It smells like tar. It’s strong, and comes without warning, once a month, sometimes more, sometimes in the dead of the night. Residents of this North Denver community have been trying to get relief from this potential health hazard for six years. So far, without success.
The last time – possibly the only time – that Globeville became a destination for people living all over Denver was Feb. 26, 1950. That was the day that the biggest crowd in the city’s history made their way to the north side of town to watch the giant, 350-foot Grant Smelter smokestack dynamited to smithereens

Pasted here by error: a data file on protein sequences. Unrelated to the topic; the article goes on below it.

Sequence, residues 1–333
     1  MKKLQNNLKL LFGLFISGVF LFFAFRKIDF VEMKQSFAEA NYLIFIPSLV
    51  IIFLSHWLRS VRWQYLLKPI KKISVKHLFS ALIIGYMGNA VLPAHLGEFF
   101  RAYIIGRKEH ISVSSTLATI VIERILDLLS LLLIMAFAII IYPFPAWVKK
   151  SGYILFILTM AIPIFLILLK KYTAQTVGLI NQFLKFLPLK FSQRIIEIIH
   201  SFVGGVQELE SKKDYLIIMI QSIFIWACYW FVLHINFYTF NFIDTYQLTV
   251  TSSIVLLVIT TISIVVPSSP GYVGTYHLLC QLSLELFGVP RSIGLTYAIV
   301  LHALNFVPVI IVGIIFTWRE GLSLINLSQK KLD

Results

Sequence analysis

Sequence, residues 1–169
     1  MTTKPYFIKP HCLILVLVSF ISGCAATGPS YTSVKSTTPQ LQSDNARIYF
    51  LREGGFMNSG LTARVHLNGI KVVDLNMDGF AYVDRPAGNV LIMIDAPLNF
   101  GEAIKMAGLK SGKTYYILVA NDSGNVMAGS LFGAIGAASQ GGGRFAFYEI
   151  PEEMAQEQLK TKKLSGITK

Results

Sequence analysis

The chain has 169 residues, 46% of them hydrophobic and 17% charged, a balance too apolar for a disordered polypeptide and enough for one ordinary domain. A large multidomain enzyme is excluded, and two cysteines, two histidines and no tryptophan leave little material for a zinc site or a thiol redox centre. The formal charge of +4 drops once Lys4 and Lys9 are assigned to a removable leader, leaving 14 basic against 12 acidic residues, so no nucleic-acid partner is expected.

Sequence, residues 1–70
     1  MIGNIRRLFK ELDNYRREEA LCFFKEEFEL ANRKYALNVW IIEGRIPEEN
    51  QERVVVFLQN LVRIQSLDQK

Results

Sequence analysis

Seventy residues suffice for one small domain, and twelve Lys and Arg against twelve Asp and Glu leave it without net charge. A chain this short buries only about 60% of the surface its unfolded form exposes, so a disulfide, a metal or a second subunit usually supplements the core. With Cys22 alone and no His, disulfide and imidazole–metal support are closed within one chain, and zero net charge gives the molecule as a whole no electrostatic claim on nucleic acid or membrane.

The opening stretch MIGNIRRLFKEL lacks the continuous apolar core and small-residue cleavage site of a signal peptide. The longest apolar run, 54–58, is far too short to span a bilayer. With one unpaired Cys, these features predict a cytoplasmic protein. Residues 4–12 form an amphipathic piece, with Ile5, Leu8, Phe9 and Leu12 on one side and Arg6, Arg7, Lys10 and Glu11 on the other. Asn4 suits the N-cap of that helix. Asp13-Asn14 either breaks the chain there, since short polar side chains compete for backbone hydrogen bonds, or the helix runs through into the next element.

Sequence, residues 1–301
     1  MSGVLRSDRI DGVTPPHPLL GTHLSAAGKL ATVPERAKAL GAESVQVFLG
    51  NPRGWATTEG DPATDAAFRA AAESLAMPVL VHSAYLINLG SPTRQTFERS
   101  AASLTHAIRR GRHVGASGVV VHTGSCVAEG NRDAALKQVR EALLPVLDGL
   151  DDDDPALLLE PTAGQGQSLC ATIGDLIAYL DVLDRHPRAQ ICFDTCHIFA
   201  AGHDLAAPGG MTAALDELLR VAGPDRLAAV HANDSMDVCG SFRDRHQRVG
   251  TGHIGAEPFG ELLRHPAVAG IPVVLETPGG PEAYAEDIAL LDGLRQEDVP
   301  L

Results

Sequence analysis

Inestimable fortunes have flowed through this historic Denver neighborhood, where gold and silver ore from Colorado’s storied mountain mines were brought for processing. But for the people living in the cradle of the confluence of Interstate 70 and Interstate 25, justice is a constant battle
Oil and gas wells have moved into urban and highly populated areas of Colorado – in some cases literally bumping up against residential back yards. Yet the number of permits being issued by the state actually has dropped in half
With tens of thousands of acres aflame in Colorado, many mountain home and property owners are madly working on fire mitigation – but may not know they can get both tax breaks and grant money to help offset the costs